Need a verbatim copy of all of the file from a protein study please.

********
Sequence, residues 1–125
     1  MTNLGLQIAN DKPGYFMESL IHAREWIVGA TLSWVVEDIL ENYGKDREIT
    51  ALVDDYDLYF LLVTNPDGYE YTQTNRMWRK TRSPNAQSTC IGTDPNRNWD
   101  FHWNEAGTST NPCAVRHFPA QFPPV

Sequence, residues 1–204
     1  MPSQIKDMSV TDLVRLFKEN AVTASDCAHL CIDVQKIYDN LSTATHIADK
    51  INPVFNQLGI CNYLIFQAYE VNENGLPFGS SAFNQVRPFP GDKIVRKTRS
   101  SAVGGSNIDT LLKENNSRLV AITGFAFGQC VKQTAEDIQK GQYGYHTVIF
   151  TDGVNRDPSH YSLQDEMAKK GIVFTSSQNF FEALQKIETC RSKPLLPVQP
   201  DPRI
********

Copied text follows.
Sequence, residues 1–125
     1  MTNLGLQIAN DKPGYFMESL IHAREWIVGA TLSWVVEDIL ENYGKDREIT
    51  ALVDDYDLYF LLVTNPDGYE YTQTNRMWRK TRSPNAQSTC IGTDPNRNWD
   101  FHWNEAGTST NPCAVRHFPA QFPPV

Sequence, residues 1–204
     1  MPSQIKDMSV TDLVRLFKEN AVTASDCAHL CIDVQKIYDN LSTATHIADK
    51  INPVFNQLGI CNYLIFQAYE VNENGLPFGS SAFNQVRPFP GDKIVRKTRS
   101  SAVGGSNIDT LLKENNSRLV AITGFAFGQC VKQTAEDIQK GQYGYHTVIF
   151  TDGVNRDPSH YSLQDEMAKK GIVFTSSQNF FEALQKIETC RSKPLLPVQP
   201  DPRI